“We don’t know what East-West Railway would do to the movements of elephants, but cases from India and Sri Lanka suggest that there is a high risk of elephants colliding with moving trains,” said Pradhan. “We also need to worry about the Tarai expressway, which will bisect Parsa National Park, and the proposed Nijgadh airport.”
At the interaction organised by the Resources Himalaya and Environmental Graduates in Himalaya to discuss human-elephant harmony in country’s development context, the participants also raised concerns about the number of development projects based around the foothill of Chure range or low-lying Tarai districts—the habitat of native and migratory elephants.
“There will be an impact on the development process on the quality of the environment. Environmental pollution, wildlife habitat destruction are the externalities of development,” said Dadhi Adhikari, director of South Asian Institute for Policy Analysis and Leadership, a think tank. “Nepal needs development and economic prosperity as well. The lack of infrastructure is the major factor behind the country falling behind in development.”
Adhikari highlighted that as the country's infrastructure is in poor conditions, it cannot imagine the development and growth of the country without building its infrastructure.
“We need more highways, airports and railways,” said Adhikari. “We need to have a balance between development and environmental quality.”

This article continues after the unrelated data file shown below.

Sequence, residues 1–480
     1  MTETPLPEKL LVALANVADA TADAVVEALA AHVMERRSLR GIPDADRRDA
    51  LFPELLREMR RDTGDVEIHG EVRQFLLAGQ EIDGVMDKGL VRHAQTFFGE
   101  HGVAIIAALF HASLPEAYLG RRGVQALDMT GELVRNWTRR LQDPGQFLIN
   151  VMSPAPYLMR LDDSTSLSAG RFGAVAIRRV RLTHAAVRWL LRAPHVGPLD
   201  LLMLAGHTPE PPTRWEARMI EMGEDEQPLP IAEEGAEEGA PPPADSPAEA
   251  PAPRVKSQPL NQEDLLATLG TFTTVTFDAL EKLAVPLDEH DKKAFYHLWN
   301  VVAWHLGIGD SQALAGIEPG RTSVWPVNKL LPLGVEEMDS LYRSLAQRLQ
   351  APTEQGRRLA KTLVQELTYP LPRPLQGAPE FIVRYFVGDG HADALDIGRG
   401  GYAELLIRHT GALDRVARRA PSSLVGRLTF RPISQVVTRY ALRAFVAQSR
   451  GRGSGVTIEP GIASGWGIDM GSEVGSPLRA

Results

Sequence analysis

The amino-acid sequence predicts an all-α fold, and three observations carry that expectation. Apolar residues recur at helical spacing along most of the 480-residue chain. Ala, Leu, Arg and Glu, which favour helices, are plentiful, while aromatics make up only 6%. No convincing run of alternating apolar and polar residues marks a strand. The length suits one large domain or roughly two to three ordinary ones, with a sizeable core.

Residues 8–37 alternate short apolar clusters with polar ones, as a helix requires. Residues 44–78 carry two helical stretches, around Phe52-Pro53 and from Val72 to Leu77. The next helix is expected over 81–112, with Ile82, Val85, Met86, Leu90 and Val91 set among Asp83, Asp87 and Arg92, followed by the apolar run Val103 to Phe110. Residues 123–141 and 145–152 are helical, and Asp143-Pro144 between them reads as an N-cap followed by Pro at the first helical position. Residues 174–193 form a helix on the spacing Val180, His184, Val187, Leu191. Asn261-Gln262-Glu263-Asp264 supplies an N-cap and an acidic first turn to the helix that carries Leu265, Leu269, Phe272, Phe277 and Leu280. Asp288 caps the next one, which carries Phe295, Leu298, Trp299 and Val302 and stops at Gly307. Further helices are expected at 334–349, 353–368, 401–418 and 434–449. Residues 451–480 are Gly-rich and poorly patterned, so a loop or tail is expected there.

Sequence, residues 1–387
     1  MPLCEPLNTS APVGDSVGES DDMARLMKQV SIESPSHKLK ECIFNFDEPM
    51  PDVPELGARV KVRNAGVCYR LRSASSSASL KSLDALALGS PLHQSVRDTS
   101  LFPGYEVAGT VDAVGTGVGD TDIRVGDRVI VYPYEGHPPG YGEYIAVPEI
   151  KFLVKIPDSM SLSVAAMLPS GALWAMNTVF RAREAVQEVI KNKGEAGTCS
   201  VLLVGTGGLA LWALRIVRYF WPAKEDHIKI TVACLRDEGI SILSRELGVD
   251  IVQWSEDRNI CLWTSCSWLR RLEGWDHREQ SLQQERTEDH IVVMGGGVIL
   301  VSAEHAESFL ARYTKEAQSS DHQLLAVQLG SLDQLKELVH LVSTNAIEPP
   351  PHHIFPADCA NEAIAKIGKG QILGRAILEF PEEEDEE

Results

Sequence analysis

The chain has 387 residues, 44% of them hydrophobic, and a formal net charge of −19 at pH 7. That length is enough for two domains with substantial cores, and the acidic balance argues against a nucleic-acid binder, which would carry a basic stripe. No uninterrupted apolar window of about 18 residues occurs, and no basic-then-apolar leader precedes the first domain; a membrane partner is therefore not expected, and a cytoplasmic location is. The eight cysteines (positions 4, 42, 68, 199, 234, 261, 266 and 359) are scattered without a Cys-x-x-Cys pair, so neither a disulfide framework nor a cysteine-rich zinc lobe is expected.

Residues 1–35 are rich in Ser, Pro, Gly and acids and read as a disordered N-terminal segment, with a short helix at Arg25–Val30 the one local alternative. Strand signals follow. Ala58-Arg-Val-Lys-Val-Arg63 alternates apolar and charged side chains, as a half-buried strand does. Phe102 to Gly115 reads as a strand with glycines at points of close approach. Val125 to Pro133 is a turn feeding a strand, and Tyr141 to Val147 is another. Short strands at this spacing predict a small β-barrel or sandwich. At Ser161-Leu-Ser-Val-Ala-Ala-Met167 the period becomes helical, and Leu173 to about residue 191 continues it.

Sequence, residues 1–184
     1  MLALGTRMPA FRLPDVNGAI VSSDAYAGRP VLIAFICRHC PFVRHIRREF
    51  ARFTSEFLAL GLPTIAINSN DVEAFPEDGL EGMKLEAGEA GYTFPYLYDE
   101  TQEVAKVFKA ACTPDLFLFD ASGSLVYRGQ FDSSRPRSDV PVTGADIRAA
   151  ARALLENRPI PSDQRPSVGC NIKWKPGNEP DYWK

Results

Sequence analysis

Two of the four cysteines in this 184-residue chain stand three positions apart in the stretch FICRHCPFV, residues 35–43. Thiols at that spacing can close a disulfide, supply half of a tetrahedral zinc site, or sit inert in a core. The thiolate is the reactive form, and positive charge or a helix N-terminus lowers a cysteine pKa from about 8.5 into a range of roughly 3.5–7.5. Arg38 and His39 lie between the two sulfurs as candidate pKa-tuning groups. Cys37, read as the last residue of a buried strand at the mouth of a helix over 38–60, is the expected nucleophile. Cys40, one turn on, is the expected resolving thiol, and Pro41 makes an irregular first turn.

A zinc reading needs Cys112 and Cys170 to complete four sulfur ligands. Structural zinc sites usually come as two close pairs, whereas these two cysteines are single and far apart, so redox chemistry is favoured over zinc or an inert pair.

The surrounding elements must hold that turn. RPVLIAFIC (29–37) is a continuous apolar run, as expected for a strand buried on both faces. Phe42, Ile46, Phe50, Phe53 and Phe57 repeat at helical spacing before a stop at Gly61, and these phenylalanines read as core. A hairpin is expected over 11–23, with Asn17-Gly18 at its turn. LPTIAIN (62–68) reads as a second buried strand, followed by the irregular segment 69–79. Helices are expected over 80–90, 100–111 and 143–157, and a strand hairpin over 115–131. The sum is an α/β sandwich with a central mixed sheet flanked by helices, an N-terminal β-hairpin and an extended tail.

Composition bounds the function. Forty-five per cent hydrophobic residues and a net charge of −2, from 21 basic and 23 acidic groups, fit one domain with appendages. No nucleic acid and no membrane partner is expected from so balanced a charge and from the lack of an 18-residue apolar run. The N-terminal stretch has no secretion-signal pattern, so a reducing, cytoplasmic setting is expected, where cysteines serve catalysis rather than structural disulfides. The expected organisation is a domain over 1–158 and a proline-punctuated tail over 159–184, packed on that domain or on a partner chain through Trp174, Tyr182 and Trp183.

Construction of Nijgadh airport has long been at the centre of controversy, for it requires massive felling of trees, which conservationists say will spell ecological disaster and disturb a key corridor for elephants, tigers and other wildlife species. Economists, on the other hand, have been saying the airport could be a game-changer project for the country.
“Most of these development projects are concentrated in the Tarai because it is geographically viable but the area also has dense forest, causing conflict,” said Adhikari. “We cannot say we don’t need Nijgadh airport but cutting down nearly 2.5 million trees is also a serious issue at the same time. We need more analysis on what if, for instance, construction of Tarai expressway reduces the environmental burden of the already stressed Kathmandu Valley. Also, what is the guarantee that by not developing Nijgadh airport we will see a rise in elephant population in that particular area?”
According to Hari Bhadra Acharya, an ecologist with the Department of National Park and Wildlife Conservation, elephant habitats and corridors have been fragmented with the construction of settlements and roads.
“They can travel as far as 800-km and often follow their traditional routes. But with construction and human settlements, their movement is disturbed,” Acharya told the Post. “Disturbance to their old routes means interaction with the public, only increasing the risk of more human conflict incidents with loss of lives and properties. Despite the low number of elephants, human-wildlife conflicts are high for elephants and leopards.”
Beside habitat fragmentation, elephants are still prone to poaching and elephants have died after being electrocuted and other reasons at alarming rates as said by conservationists when compared to other countries with large elephant populations.
Sociologist Anita Shrestha said all development activities should be conducted by keeping wildlife and humans at the centre so that they do not cause harm to each other.
Pradhan, the elephant ecologist, reiterated the need to protect elephant habitats and corridors.
“Elephants need to travel as they are nomads. They take their traditional routes,” he said. “Any disturbance will affect their population demography. We may not expand the areas and their population drastically, but we have to maintain the existing population.”